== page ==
The Implications of Integration for Globalization
Interestingly, there is no consensus on the definition for globalization, but it is recognized as being largely dependent on context and discipline. Most economists, however, see globalization as incorporating increased openness of national economies to trade, foreign investment and financial flows. The first article in this volume by Artis and Okubo identifies two waves of globalization, the first taking place between 1870 and 1914 and the second between 1960 and 2001. They make the important point that in spite of the common feature of greater economic openness, the trade patterns that emerge may vary significantly across episodes. Openness may be limited to goods markets or include financial and factor markets, and it may or may not be accompanied by other forms of integration, including greater cooperation in non-trade policies.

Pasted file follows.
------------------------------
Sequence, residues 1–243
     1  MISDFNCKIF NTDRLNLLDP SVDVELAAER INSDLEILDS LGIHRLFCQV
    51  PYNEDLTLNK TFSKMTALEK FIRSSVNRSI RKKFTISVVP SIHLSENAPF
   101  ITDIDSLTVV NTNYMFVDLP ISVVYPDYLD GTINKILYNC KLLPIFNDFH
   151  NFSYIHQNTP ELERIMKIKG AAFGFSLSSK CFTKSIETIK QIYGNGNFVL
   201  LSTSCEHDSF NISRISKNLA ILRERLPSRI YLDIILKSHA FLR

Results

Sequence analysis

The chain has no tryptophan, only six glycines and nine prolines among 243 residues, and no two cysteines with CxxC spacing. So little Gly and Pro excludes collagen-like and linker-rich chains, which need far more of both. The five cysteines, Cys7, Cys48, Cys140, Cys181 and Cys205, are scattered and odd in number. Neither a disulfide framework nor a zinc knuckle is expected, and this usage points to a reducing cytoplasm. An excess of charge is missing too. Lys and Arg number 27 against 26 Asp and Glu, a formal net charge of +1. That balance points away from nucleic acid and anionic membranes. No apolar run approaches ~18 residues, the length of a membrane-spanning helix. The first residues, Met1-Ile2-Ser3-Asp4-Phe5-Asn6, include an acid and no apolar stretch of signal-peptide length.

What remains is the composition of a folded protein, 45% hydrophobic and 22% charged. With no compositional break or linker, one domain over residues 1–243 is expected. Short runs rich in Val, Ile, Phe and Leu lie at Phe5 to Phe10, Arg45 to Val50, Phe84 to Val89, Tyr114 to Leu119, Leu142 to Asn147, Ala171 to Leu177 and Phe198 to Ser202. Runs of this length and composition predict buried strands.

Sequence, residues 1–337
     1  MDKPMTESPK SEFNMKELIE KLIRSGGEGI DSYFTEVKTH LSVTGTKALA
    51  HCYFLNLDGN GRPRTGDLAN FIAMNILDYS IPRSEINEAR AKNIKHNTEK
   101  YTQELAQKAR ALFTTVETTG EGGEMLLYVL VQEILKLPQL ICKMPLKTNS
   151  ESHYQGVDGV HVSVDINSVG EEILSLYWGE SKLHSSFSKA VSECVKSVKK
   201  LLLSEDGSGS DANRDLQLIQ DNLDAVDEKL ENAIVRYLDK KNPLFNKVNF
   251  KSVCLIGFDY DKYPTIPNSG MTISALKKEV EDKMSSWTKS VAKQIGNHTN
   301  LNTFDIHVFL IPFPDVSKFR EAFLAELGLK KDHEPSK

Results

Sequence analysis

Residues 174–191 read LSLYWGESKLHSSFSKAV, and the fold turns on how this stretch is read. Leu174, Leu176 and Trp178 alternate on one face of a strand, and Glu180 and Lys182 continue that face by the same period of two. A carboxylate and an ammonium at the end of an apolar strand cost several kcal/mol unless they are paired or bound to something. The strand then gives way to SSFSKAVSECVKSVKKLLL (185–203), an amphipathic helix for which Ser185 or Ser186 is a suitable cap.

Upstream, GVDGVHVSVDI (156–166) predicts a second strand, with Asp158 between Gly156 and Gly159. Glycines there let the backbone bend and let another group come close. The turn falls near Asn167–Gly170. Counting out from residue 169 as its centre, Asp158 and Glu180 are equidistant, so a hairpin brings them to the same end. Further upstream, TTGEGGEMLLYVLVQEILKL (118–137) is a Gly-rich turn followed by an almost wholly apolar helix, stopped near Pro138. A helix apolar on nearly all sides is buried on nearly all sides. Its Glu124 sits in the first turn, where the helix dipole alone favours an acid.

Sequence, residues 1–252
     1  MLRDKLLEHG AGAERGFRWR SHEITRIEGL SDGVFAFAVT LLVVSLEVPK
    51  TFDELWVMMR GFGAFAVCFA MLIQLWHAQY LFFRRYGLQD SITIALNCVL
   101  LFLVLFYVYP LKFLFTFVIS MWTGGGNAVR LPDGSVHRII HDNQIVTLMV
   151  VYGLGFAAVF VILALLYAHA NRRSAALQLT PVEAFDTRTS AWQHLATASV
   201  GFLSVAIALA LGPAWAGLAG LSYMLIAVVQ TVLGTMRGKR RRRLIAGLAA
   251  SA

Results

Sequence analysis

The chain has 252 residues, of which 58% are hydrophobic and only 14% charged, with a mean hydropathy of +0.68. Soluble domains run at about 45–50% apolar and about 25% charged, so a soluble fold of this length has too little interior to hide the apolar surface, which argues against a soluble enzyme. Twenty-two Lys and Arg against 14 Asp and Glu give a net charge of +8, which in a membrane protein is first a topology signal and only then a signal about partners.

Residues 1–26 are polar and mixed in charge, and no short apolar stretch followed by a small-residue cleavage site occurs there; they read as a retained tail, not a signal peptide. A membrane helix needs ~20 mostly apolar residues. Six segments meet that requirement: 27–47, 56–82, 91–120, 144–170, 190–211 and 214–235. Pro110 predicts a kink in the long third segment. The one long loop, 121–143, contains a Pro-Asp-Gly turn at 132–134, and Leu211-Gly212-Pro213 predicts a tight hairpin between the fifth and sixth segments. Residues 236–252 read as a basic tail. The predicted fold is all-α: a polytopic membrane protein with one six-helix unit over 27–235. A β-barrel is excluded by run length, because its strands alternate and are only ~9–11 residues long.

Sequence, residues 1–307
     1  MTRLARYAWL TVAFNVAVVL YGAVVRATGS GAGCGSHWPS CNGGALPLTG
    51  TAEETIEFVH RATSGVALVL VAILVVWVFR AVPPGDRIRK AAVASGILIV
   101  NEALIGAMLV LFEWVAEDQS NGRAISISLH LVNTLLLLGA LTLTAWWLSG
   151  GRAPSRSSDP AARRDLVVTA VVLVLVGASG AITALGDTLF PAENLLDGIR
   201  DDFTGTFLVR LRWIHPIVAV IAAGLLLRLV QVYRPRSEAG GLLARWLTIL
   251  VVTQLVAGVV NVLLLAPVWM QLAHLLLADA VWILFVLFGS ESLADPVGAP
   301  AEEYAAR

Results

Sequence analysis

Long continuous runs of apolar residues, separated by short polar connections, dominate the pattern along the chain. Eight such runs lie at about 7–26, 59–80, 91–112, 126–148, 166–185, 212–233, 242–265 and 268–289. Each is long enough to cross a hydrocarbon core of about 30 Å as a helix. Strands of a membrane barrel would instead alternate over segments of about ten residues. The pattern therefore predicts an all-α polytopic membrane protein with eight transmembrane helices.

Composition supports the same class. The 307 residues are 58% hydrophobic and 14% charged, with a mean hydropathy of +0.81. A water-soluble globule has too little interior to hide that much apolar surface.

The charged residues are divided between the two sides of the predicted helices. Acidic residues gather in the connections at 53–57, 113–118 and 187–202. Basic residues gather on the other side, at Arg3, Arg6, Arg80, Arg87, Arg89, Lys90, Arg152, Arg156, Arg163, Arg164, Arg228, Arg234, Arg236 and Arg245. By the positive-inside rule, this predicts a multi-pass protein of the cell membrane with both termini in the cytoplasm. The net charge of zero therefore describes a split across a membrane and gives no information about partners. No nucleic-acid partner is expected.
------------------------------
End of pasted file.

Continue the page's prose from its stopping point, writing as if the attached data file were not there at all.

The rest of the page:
Copyright © 2009 Elsevier Inc. All rights reserved.
Sven W. Arndt, Patrick M. Crowley, David G. Mayes, The implications of integration for globalization, The North American Journal of Economics and Finance, Volume 20, Issue 2, August 2009, Pages 83-90, ISSN 1062-9408, 10.1016/j.najef.2009.08.001. (http://www.sciencedirect.com/science/article/pii/S1062940809000229)